Entry #8: Richmond
A suburban borough of London, Richmond is its own little town. It is located on a meander of the River Thames and crowded with old English pubs. Its tranquility is reflected in street names such as Paradise Road and The Vineyard. It wouldn’t be a surprise to mistake this region for a rural village. However, Richmond is most renowned for its 2,5000 acres of wild woodland. Richmond Park is a national nature reserve with around 144 species of birds, 546 butterfly and moth species and over 300 red and fallow deer.
Last winter I went on a 5 AM adventure to Richmond Park. The idea was to go early enough to photograph the rising sun and see the lethargic deers. A few other photographers had the same inclining and so we squatted in the shrubs, self-conscious and stealthy. Giant fiery orange trees surrounded us, our shoes were wet from morning dew and the dead autumn leaves covered in frost. We held our breaths in unison, watching the deers move slowly and graze. They were deliberate and quiet in their movement, their ears outward and low in defense. The sound of a shutter clicking could be heard every now and then. Nearly an hour went by and without so much as acknowledging each other, we left the deers to continue their path towards the forest and went our separate ways.
By this point, my shoes are covered in mud and I regret not packing a thermostat with hot coffee. But I continue walking through the park, deep in my thoughts and with the intention of covering all of its grounds before rewarding myself with a caffeine kick. Mesmerized by the vast landscape, I watch dog owners arrive with their big labs and feisty terriers. The birds begin to sing and the sun grows bright and strong in the cloudless sky.
There are two states of mind which nature inspires: an indulgence in the beauty of all that is ephemeral and an intense reflection of the self. Spending time in a forest, by a lake or in the mountains is a peaceful and humble experience, a contagious calm and though that sensation feels widespread, it is also a point of relief, a time to re-center and look inward.
To some extent, and maybe this is just my puritanical self, mentally ruminating feels a lot like seeking penance from the world. Have you ever noticed how; even if it’s a walk through your local patch of greenery, there is no judgment in your thought process? There is no critical voice nagging at you like it would in bed at night? Instead, your mind is open to the possibility of things. Alone in the face of nature, we dissect others, this world and ourselves with empathy and kindness. There comes first a desire to understand everything then, yearning for an absolution from questions left unanswered.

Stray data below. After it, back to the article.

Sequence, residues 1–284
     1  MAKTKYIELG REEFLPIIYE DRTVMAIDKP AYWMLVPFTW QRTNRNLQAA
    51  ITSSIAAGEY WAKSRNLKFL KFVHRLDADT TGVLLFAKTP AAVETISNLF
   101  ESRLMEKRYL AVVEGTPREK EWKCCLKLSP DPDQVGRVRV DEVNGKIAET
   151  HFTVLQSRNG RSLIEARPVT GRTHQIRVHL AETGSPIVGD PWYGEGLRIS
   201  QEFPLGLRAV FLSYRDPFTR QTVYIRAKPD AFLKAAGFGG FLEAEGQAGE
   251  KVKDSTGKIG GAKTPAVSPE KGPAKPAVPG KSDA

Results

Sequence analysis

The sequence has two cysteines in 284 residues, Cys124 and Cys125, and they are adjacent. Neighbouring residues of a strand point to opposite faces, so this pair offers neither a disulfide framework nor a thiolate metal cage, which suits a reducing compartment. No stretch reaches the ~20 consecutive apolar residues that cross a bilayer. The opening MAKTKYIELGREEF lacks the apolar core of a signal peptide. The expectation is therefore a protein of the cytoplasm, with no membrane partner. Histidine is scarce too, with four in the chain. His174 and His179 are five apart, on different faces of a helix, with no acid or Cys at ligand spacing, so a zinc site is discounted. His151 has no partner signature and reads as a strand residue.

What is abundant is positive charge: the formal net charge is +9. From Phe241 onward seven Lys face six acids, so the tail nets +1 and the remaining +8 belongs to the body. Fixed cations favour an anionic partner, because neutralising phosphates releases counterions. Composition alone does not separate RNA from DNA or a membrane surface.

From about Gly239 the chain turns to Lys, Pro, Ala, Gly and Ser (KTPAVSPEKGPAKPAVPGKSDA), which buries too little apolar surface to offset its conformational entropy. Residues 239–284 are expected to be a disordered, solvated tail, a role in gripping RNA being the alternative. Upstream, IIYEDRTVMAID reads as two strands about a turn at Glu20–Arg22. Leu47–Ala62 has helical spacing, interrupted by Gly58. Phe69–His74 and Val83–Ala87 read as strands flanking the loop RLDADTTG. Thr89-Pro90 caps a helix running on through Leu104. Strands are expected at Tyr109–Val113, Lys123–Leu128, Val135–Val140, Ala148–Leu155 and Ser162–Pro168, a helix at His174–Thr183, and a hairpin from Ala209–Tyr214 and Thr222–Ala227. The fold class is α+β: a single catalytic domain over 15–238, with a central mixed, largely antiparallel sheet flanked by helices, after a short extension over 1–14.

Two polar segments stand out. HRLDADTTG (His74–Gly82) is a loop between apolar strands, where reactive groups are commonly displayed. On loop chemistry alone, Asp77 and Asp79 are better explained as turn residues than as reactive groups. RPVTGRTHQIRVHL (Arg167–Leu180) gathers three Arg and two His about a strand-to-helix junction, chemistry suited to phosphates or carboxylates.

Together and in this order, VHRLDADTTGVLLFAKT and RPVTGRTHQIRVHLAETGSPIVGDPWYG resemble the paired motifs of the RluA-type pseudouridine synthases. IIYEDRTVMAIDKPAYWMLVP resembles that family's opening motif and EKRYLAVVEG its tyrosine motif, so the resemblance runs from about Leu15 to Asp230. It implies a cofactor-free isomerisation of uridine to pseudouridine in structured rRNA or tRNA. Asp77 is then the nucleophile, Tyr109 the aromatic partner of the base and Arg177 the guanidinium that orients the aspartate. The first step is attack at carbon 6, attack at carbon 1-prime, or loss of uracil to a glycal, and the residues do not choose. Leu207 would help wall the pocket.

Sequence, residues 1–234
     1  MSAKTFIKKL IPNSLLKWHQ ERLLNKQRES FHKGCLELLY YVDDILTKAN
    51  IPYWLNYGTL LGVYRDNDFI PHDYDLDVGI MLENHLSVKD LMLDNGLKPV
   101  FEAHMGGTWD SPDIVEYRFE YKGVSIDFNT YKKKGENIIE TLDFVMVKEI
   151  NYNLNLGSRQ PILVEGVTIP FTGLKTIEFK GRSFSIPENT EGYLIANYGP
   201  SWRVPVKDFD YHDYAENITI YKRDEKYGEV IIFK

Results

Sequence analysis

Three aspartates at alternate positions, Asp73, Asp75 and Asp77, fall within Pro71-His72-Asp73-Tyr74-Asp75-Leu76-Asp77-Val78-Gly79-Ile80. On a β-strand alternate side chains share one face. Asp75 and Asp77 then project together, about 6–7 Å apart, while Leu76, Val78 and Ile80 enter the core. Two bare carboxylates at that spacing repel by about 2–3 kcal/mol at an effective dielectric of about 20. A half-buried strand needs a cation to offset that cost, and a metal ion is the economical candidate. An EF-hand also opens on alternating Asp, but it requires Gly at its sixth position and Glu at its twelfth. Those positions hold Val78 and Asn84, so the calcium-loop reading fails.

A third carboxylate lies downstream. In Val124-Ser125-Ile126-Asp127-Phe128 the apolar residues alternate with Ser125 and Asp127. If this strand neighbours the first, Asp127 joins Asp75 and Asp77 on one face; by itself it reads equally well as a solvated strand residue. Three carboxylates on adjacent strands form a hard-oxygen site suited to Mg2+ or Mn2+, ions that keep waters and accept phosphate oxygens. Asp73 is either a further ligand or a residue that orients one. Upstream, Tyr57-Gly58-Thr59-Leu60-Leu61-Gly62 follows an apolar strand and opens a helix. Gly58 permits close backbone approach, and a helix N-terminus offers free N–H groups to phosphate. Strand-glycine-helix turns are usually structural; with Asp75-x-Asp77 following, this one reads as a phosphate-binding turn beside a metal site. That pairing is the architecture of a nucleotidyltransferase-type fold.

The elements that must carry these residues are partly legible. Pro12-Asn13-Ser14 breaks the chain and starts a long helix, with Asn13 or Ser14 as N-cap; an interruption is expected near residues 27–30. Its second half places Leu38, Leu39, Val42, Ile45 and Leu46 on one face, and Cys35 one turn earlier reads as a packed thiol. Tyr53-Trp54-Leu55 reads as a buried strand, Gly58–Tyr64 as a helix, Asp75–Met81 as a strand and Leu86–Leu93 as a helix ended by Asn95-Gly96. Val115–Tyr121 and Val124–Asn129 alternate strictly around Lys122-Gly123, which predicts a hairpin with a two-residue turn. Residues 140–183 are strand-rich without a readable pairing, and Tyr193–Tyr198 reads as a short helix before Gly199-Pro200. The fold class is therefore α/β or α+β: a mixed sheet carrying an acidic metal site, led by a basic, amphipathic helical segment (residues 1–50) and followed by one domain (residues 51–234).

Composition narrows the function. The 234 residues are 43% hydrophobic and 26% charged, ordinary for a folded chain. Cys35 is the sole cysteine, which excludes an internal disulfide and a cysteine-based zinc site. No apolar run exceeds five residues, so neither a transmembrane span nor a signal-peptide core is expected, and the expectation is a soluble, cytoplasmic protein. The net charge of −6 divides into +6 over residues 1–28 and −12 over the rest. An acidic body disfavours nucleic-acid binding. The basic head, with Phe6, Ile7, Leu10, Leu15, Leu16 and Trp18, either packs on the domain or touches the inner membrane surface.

I return to Richmond this week going straight for coffee. The cafe is in a glasshouse, adorned with antique tables and beautiful bouquets of freshly cut flowers. The sound of the coffee grinder occasionally cuts through the loud chatter that fills the air. I nestle in an empty spot with my black coffee. Next to me, a barista picks up dishes, humming to herself. She is wearing yellow overalls and a choppy fringe; there is a sweet demeanor in the way she moves. I notice her gold-framed glasses (a style of specs I’ve had my eyes on for a while now) and ask her where she got them. We do the stereotypically female ping-pong of compliments and I am offered another free cup of coffee.
Growing up, I didn’t have much girl friends and avoided cliques throughout high school. Though my friendships with men involved a great deal of candor, there had always been a deeper potential to share with women. I am still not sure how to navigate all female friendships, but I am grateful that in my early twenties, I am surrounded by a strong group of them.
Each friend has a different lifestyle, profession, and worldview - what ties them together is their ambition to evolve. That said, I struggle most with figuring out whether or not I like or resent being a woman in the first place. This fear and confusion of what it means to be a woman, categorically understanding how to fall into the 'correct' parameters of womanhood, permeates my entire outlook on life.
My getaway retreat is further up north. A fair competition against Richmond, Hampstead Heath may not be on the riverside but it embraces thirty ponds. As the title suggests, The Ladies Pond is a swimming pond for women only. No cameras, phones or alcohol allowed. It is empowering to see other women comfortable in their skin, sunbathing topless and swimming backstrokes in the murky pond. Ducks and dragonflies included. The water is biting cold and if you drop your feet, you can feel the algae brush your toes. It’s invigorating to be in a body of water, to know there is a magical and hidden world beneath you, and accepting that while you kick and flail your arms about, you are totally exposed to its danger.